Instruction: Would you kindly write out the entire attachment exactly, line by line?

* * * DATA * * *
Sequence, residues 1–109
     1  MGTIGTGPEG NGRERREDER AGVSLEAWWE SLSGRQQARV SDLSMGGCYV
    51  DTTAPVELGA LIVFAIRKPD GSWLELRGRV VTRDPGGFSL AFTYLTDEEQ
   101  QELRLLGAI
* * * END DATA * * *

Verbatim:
Sequence, residues 1–109
     1  MGTIGTGPEG NGRERREDER AGVSLEAWWE SLSGRQQARV SDLSMGGCYV
    51  DTTAPVELGA LIVFAIRKPD GSWLELRGRV VTRDPGGFSL AFTYLTDEEQ
   101  QELRLLGAI